8 SMIDSY – looked but not perceived; workload

SUMMARY – when driving the brain needs to process sensory information… this is known as the ‘cognitive workload’… as driving tasks increase in difficulty, the workload starts to increase… even relatively simple tasks create an incoming information stream that exceeds the brain’s ability to process it all… stress in driving tasks further reduces the brain’s ability to process data… once the workload limit exceeded, a driver’s situational awareness at junctions is significantly degraded…


Back in the early 2000s, on my ‘blog before they were called blogs’, I wrote about ‘workload’ and military helicopters and how much the pilot actually had to do whilst flying the machine, navigating AND using the weaponry. In trials, it turned out that even hugely increased automation wasn’t enough for one design to be a single-seater as planned. There was simply too much going on even for a highly trained pilot. As a direct result, the Comanche helicopter was modified to carry two crew.

One of the key theories behind research into car – motorcycle collisions is termed ‘gap acceptance’, which seeks to understand how the driver calculates the ‘time to collision’ with an approaching motorcycle, decides whether or not a gap ahead of an approaching motorcycle represents a safe distance, and then makes a decision whether or not to pull out. However, the research usually pre-supposes a straightforward task – that there are no distractions and having seen the motorcycle, the driver simply estimates the motorcycle’s distance and speed to calculate ‘time to arrival’.

It wasn’t hard to predict that workload would also be an issue for the typical driver (or motorcyclist, come to that), who doesn’t have a fraction of the training of a helicopter pilot. In the article I predicted that in a complex driving environment, the driver would experience high workload. A common solution, adopted by many animals including primates (the group that includes humans), is to process just a small area or a few objects at any one time. We can then scan the visual scene in small chunks, subjecting each to more detailed visual analysis. This scanning technique has been compared to a ‘virtual spotlight’, highlighting different regions and objects for a closer look.

But it all relies on being able to slow down the scan. Pammer et al (2017) noted in their conclusions that:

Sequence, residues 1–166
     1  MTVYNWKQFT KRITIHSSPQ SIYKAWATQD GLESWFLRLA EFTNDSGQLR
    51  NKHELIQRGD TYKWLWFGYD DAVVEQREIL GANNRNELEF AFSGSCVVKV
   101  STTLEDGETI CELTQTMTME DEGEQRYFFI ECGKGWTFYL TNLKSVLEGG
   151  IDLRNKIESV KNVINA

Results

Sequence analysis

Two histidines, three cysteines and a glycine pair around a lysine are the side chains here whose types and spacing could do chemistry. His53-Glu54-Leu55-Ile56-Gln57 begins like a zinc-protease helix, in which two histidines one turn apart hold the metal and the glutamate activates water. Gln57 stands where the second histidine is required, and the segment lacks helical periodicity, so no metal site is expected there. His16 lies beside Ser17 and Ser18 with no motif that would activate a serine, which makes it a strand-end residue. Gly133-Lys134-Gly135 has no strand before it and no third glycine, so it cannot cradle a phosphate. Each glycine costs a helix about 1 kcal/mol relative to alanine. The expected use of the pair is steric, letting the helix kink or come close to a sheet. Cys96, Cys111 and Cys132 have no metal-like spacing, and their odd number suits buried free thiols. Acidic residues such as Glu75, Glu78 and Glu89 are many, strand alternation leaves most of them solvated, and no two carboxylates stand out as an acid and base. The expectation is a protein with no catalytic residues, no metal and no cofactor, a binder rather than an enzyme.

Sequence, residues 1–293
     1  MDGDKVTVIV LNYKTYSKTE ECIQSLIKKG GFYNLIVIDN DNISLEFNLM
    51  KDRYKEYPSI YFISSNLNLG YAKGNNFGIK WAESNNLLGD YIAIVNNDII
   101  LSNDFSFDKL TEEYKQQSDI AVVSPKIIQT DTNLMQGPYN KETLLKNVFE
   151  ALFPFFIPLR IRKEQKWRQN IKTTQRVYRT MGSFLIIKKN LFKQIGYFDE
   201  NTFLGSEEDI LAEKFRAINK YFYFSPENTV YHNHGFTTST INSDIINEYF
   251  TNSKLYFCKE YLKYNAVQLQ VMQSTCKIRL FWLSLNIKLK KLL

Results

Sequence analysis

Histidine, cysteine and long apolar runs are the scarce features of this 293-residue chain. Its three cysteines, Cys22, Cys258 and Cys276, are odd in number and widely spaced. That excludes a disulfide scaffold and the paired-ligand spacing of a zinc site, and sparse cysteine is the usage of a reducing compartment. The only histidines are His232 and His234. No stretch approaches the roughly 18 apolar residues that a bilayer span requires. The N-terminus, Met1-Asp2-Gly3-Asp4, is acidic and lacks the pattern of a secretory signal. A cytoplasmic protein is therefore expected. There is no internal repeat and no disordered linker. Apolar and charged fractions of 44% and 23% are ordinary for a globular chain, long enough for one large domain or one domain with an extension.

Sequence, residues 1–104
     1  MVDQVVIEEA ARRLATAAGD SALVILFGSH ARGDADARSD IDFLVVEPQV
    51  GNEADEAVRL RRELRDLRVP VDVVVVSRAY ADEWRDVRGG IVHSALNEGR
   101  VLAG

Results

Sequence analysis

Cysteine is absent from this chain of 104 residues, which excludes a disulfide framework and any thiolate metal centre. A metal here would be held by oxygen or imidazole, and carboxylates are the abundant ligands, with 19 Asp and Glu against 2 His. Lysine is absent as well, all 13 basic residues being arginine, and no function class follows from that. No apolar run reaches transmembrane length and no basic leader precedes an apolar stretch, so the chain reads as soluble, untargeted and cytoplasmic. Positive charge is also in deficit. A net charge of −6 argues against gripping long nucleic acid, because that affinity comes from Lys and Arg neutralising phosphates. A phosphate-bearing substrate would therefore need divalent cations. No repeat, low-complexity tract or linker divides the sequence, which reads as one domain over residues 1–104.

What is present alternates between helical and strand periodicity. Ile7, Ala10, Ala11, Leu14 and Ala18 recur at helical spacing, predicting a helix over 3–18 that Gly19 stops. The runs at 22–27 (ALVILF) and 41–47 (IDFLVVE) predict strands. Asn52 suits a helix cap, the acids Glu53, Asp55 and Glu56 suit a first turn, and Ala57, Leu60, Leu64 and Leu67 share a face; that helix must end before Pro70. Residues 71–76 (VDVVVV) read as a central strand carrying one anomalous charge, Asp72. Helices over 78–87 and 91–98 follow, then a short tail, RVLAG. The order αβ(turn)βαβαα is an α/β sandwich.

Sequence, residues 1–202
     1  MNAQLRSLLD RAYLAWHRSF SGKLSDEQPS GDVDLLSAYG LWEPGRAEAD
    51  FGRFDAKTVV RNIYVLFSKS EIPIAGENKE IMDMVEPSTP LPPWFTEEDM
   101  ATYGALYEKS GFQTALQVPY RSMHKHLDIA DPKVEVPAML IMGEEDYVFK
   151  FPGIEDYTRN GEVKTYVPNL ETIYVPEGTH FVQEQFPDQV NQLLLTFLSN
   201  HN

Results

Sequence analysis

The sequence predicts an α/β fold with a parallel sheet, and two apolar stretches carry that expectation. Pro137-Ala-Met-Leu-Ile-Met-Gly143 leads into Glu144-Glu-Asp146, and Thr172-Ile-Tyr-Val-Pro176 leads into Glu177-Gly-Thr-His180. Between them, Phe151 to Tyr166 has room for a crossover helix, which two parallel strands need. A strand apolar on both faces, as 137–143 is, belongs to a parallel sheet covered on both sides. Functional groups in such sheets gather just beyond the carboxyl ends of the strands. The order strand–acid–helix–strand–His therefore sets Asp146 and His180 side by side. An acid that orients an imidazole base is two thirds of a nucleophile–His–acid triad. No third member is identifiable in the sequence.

“When we are driving, there is a huge amount of sensory information that our brain must deal with. We can’t attend to everything, because this would consume enormous cognitive resources and take too much time.”

In other words, the complexity of the driving task could lead to a disconnect between eyes and brain and workload offers at least a partial explanation for ‘looked but failed to see’ collisions between a motorcycle and a car. Some of the visual information within the scene would simply not reach the conscious, thinking part of the driver’s brain. Focused on one visually-intensive task – perhaps searching for road markings indicating the correct lane on a busy, complex roundabout – other visual input goes missing and the driver loses track of the motorcyclist. Even when the driver looks in the direction of the oncoming motorcycle – in some cases appearing to look directly at the motorcycle – the motorcycle goes missing and the driver pulls out into its path.

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Picture yourself emerging from a side turning then turning right onto a busy road – the situation in which the classic SMIDSY collision occurs. We’re searching for, then monitoring, multiple moving objects, which are travelling at different speeds in at least two different directions – three if the junction is a cross roads. We’re looking in several different locations – the two lanes of the road itself, the nearside margin of each lane (where bicycles might be expected), plus pavements to check for pedestrians. We need to detect stationary objects which are in our lines-of-sight and be aware how they might create blind spots. We need to move our eyes from one search zone to another to visually acquire the targets to be scanned. Each eye movement (a ‘saccade’) takes time, and then the eye has to refocus on the new scene, which also takes time. And we should be keeping an eye on the mirrors too.  ‘Looking properly’ is far from a trivial task.